If I were to guess at the variables:
    -Type of account business or personal (Using a personal card for work and then expensing it would probably screw with this as the two very likely have different distributions)
    -Where you live
    -Whether you've suffered identity fraud in the past
    -Fraud level of retailer (which confounds with the next two)
    -If they get line-level info from that retailer fungibility of goods purchased
    -If they don't get line-level info from that retailer general fungibility of what they sell (electricals, gift cards and stamps)
    -Time of day of purchase
    -Location of purchase
    -Whether you've purchased something at a retailer with known compromise in past (target etc)

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  3. I was going across The Pond for Christmas/New Year, so I went into my local Barclays branch to tell them so. "We don't actually record that any more, but can you confirm your phone numbers so we can contact you if there's a problem?" - I did so.
    While I was away I bought some stuff and went to pay for it on PayPal, using my Barclay's account - it came straight back "Refused" without any "Verified by VISA" or any other attempt to confirm my identity (I even had my PIN Sentry device with me and everything!).
    Ten minutes later I received a text message telling me there was something wrong, and that they'd be sending me a text message about it (!), Then the text specifying the amount, and the payee, and asking me to text back "Y" or "N" saying if it was valid.
    Two things wrong with this:
    1) The text reply number was 5 digits - a UK-only number which doesn't work from the 'States, so no way I could reply!
    2) The transaction on PayPal had already been cancelled at the time it was refused, so even if I told them it was valid, it couldn't have been reissued. No idea whether trying to set up a new, identical payment would have got through.
    I sent in a complaint to the appropriate part of their web site, and got a "We'll be back to you within 48 hrs" reply. But then nothing else.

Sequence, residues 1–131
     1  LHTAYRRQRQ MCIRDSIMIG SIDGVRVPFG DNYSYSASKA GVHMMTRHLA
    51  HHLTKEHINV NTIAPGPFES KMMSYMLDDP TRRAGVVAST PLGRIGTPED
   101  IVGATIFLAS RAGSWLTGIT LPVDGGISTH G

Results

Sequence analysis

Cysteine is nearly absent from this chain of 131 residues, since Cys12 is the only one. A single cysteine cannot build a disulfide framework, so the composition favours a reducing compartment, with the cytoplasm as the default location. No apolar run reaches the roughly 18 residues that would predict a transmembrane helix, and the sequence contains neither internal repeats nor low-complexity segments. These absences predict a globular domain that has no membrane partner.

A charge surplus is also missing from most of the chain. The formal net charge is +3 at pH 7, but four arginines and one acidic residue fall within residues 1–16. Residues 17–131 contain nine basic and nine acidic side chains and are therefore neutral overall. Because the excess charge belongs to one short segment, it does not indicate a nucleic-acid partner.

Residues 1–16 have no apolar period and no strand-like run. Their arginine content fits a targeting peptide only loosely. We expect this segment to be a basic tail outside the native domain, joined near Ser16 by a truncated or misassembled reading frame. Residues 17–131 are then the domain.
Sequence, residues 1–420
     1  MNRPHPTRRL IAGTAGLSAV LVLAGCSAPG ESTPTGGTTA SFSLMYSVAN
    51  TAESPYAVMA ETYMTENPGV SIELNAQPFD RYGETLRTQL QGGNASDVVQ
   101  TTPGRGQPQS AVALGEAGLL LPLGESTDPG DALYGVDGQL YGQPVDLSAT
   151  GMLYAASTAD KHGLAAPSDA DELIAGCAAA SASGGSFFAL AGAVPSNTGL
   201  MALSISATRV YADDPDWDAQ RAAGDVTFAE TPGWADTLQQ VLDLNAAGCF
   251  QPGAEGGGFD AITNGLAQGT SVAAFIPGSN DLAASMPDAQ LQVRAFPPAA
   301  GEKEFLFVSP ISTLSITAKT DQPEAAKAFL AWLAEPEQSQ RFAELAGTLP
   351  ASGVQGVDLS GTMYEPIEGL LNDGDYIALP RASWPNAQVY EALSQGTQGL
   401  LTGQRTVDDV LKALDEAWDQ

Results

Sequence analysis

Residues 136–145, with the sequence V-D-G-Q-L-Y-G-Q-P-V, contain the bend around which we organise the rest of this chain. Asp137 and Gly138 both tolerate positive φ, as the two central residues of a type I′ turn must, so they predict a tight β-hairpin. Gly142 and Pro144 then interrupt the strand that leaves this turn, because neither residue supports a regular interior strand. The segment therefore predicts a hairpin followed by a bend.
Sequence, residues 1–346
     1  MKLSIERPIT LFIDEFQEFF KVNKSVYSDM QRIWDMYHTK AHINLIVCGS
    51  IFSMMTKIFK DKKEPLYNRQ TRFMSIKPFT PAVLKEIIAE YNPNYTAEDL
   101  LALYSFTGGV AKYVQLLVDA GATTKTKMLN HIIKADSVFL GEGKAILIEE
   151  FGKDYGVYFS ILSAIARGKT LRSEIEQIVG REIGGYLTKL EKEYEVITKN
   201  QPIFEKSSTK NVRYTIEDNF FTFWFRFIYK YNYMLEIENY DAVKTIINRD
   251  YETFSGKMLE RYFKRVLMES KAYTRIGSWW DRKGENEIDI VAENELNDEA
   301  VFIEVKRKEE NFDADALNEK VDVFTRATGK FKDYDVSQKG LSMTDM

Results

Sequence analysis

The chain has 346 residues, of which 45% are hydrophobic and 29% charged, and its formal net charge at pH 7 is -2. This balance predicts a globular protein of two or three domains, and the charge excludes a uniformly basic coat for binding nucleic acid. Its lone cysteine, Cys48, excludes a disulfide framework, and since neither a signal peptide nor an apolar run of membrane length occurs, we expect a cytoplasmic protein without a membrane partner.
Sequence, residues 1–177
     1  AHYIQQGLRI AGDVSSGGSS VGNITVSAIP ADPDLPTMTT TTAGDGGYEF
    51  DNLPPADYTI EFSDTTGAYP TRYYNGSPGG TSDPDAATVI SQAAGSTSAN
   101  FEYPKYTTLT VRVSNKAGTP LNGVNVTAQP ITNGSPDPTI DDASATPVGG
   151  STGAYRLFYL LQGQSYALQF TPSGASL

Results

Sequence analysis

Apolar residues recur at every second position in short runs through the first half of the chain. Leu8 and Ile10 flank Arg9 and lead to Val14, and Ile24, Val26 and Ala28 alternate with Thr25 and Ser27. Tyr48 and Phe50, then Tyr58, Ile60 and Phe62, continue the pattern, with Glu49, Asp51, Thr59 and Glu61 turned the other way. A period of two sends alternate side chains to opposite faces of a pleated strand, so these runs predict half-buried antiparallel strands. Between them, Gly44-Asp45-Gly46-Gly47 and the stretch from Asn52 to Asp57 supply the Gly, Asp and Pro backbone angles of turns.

This week, back in Blighty, I went into the local branch and told them all of this, and the lady I saw was very efficient, and sympathetic (really, not just in a corporate-response way!) but couldn't find my complaint, and neither could their "Network Assist" team when she rang them, so she re-entered it onto the system, and it's now in progress.
    But she confirmed that their "On Holiday" flag is no longer used, and there's nothing I could have done to prevent this happening.
    I had to transfer the money to another bank, and pay for it using that one - theirs worked as I was expecting and I got my stuff in time to bring it home (VAT-free, as it's under the £390 limit).
    I await their response with interest, especially to the fact that their "confirm" text only works in the UK!

    ReplyDelete
    Replies
    1. I'm actually quite surprised the 5-digit number wouldn't work on a UK phone whilst roaming. Reason being I'm pretty sure you still use the "home" message centre when even whilst roaming. Out of interest what error message did you get when you attempted. Anyone who knows more about GSM care to explain what's up?

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    2. Sorry, I didn't note the message - something like "unable to send" but it was a while ago and I wasn't paying much attention to the words, just the meaning!